Reports of phishing emails appear to be coming from Better Business Bureau

Email claims BBB offering special protection hand sanitizer


DETROIT – The Better Business Bureau Serving Eastern Michigan and the Upper Peninsula has received reports of two separate types of Phishing emails going around, that appear as though they are coming from BBB.

How the Scam Works:

Phishing emails are designed to trick the person receiving the email to click the link provided, which will then download malware onto the computer of the recipient. One of the email’s reported claims BBB is offering its Accredited Businesses special protection hand sanitizer.

The email reads as follows:

“This special maximum protection hand sanitizer is both anti-viral and anti-bacterial – unlike most over-the-counter brands which mainly kill bacteria only. Learn why top Seal Team 6 special forces warrior and medic, Don Mann, wouldn’t go into battel without it. With only a couple weeks until the country opens back up, make sure your business is supplied! There is a very limited stock available, so click on the link to learn more about this maximum protection.”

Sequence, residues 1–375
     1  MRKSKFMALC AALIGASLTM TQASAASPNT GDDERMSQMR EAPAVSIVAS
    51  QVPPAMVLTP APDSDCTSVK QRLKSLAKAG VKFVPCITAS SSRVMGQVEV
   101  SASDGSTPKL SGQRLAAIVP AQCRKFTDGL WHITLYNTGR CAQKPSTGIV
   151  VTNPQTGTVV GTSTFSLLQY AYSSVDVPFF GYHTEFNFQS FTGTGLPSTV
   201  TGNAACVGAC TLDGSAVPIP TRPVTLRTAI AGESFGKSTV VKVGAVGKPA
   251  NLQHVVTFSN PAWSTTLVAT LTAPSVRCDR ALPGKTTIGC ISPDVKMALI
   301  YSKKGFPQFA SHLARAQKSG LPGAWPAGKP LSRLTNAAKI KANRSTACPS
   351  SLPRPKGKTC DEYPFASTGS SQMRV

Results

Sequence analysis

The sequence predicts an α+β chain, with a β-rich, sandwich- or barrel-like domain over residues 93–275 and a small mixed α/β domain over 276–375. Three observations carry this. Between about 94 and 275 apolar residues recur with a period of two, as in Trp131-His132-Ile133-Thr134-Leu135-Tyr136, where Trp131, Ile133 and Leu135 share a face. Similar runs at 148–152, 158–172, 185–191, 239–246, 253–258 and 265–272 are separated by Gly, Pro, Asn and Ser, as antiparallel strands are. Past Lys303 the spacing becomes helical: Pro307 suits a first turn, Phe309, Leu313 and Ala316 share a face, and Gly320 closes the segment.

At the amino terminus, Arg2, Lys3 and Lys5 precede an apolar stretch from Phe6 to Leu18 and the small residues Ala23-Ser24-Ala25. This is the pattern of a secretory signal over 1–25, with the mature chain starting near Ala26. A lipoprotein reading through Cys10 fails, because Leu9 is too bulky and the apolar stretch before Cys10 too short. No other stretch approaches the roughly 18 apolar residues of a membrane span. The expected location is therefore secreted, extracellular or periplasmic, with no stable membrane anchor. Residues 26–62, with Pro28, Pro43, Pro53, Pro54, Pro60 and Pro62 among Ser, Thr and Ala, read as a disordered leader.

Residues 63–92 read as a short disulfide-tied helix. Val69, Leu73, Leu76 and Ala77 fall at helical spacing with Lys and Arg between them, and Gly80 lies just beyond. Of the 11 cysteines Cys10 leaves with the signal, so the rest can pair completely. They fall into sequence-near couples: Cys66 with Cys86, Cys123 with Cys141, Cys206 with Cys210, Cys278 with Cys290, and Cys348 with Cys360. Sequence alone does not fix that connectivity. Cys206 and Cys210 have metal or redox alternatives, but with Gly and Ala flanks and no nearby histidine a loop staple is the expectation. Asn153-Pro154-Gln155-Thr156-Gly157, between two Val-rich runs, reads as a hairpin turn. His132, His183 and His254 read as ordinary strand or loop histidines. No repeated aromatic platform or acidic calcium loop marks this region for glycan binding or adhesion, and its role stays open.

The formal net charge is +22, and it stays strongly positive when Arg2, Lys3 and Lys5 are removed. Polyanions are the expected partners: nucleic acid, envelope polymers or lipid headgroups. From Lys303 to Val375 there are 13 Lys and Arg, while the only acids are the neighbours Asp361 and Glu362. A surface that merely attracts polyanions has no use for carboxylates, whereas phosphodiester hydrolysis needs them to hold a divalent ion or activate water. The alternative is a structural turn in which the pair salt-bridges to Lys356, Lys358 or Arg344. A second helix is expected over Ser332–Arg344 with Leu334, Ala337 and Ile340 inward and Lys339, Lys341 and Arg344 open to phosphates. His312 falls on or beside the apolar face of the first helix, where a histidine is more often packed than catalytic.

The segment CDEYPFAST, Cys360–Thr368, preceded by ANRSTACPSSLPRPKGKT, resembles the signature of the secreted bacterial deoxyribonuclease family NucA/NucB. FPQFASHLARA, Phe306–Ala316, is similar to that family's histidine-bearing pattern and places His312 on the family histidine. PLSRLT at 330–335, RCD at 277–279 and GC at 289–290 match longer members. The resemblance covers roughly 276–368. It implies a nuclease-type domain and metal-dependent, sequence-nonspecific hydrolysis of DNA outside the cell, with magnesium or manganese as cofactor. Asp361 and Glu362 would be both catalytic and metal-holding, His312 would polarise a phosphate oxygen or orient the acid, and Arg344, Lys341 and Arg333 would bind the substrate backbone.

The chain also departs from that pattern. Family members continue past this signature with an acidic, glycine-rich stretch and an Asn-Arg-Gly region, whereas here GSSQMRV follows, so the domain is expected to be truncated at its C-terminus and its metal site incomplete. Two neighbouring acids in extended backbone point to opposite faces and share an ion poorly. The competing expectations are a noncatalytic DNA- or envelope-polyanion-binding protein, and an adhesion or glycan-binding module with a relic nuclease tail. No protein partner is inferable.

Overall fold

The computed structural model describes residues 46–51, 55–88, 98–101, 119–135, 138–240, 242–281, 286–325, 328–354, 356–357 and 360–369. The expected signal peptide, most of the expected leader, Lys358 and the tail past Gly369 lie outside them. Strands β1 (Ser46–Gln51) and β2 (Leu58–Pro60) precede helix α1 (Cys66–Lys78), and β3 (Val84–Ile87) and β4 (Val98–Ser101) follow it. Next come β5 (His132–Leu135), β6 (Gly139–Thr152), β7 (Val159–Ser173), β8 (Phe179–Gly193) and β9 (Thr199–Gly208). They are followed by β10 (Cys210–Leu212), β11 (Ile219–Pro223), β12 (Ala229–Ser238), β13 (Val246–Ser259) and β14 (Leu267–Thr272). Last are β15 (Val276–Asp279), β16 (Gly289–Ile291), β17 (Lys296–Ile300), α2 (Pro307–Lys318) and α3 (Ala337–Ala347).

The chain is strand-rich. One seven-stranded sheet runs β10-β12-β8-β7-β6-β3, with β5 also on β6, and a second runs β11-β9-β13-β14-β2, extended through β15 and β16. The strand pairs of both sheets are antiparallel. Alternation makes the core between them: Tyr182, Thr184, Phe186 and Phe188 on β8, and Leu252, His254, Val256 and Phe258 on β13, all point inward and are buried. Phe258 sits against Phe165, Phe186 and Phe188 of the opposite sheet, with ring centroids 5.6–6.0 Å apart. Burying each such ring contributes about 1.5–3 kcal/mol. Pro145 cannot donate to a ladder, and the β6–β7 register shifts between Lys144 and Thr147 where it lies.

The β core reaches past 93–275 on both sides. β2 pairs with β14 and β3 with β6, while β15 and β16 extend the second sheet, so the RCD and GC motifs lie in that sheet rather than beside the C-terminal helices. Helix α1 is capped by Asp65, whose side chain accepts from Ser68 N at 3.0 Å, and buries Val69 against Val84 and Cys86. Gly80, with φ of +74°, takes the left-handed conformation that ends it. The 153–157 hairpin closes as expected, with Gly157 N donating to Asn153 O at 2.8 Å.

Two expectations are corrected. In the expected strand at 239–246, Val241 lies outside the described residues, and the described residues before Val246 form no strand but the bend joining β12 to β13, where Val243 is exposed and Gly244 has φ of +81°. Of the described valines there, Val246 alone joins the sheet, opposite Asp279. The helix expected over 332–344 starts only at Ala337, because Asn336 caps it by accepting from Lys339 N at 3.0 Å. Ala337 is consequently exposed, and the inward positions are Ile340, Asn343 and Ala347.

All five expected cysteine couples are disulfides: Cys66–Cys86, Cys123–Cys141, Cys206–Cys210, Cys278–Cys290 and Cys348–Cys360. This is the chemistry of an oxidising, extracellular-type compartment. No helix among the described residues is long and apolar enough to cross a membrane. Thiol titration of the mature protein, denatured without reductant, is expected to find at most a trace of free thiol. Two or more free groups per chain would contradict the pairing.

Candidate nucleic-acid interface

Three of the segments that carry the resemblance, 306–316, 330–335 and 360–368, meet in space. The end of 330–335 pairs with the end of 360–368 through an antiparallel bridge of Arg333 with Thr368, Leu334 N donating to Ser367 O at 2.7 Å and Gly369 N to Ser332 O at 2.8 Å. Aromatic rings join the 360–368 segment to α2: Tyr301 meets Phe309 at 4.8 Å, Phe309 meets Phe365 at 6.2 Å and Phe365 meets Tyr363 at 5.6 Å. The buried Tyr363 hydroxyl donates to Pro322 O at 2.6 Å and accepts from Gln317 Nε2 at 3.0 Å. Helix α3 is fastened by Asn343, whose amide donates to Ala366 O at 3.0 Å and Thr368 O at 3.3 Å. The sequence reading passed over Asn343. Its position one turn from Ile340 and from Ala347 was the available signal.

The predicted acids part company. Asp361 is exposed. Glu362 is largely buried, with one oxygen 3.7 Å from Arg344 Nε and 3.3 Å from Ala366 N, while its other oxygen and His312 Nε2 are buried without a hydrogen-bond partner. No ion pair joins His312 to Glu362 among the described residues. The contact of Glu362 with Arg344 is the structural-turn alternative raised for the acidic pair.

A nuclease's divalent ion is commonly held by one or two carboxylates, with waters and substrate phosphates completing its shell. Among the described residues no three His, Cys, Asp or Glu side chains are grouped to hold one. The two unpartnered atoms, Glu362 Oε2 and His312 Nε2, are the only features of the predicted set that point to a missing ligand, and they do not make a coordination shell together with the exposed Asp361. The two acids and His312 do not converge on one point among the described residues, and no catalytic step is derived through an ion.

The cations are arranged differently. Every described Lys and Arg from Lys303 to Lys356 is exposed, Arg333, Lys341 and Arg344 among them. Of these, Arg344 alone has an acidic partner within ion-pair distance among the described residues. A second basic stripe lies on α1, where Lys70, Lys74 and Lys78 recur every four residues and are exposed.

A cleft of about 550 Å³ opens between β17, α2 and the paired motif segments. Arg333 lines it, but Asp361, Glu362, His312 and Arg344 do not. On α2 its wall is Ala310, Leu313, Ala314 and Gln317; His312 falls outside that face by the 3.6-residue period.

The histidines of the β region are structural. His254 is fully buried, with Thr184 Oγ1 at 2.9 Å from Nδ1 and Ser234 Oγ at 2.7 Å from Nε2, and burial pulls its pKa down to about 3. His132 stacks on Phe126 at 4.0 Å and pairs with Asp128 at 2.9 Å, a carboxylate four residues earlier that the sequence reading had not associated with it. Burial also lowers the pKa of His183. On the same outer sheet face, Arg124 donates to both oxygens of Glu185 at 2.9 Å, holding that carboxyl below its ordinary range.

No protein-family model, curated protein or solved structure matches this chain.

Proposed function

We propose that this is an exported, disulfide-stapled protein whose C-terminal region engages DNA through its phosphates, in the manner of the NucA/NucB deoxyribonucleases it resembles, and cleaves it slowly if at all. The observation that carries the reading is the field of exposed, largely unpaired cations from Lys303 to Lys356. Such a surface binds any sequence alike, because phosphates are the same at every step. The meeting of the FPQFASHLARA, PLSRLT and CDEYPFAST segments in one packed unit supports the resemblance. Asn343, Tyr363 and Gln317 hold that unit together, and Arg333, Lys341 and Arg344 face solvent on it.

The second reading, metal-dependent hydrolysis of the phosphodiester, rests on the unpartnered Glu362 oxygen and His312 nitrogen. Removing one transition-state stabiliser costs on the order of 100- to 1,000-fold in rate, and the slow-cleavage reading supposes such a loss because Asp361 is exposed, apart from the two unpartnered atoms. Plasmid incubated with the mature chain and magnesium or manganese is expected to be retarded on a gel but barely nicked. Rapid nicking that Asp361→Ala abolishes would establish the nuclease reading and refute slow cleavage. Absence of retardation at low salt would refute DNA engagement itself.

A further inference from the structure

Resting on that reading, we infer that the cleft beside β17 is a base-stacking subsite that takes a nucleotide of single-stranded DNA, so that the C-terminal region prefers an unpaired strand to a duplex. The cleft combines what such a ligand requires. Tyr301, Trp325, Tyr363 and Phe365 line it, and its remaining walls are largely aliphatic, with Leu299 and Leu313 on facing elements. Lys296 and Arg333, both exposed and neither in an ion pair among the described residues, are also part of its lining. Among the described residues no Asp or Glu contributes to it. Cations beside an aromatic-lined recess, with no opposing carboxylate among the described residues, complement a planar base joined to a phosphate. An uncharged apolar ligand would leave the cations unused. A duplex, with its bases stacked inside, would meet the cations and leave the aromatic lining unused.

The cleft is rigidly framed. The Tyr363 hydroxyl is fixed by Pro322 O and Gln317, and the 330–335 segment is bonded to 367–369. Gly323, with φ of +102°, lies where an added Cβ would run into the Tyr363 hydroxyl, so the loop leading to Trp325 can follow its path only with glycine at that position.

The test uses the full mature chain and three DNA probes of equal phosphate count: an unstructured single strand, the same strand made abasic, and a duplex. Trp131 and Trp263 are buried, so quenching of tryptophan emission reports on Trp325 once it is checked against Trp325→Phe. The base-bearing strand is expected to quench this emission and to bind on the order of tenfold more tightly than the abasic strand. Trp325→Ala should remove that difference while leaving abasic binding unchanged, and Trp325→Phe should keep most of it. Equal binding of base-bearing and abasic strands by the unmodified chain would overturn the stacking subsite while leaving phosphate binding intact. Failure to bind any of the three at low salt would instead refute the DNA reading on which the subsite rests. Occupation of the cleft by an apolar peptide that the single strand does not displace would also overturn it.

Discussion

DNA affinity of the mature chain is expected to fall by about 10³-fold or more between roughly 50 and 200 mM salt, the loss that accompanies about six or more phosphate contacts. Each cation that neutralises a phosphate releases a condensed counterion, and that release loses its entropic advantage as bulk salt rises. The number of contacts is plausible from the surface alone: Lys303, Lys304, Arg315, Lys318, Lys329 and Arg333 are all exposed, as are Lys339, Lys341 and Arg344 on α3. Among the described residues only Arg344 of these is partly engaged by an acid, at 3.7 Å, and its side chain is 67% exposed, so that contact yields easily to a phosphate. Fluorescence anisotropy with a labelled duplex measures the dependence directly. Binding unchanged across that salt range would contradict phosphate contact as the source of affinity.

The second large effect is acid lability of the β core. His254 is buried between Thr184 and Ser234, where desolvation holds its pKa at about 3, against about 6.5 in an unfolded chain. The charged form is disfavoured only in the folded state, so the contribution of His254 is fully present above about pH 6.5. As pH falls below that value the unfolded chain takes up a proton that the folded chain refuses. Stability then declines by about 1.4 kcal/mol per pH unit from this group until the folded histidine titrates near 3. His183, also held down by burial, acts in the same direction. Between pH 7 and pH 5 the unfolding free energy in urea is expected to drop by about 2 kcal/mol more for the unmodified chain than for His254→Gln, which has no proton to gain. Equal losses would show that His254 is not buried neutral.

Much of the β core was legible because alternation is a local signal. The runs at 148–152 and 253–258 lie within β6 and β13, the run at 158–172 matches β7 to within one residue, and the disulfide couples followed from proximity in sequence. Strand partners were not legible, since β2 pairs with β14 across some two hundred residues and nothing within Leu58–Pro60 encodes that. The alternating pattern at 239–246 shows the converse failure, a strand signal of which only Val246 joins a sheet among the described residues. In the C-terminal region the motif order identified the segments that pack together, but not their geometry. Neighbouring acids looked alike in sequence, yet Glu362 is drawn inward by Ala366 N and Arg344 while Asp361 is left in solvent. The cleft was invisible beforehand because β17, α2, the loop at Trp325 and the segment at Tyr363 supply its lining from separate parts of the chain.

Get this anti-viral hand sanitizer sent to your home or office now.

There are several red flags in the email including spelling errors, which are typical in phishing emails.

We have also heard reports of emails claiming to come from Better Business Bureau, that are giving out false Small Business Application Loan numbers.

How to Spot a Fraudulent Email:

Spot and delete a phishing email by watching out for these red flags:

· If something sounds suspicious, confirm it by calling the company directly or checking the company website. Don’t click on links in an unexpected email – type the URL for the company into your browser or do a web search to find the right website.

· Hover your mouse over links and email addresses. If the address is truly from BBB.org., the URL in the text should match the URL that your mouse detects. If the two do not match, it is most likely a scam.

· Don’t click, download, or open anything that comes from an anonymous sender. This is likely an attempt to gain access to your personal information or install malware on your computer.

· Be cautious of generic emails. Scammers try to cast a wide net by including little or no specific information in their fake emails. Always be wary of unsolicited messages that don't contain your name, last digits of your account number or other personalizing information.

If you’ve received a phishing email (regardless of if you clicked the link), report it to BBB.org/ScamTracker. Your report can help others avoid falling victim to scams.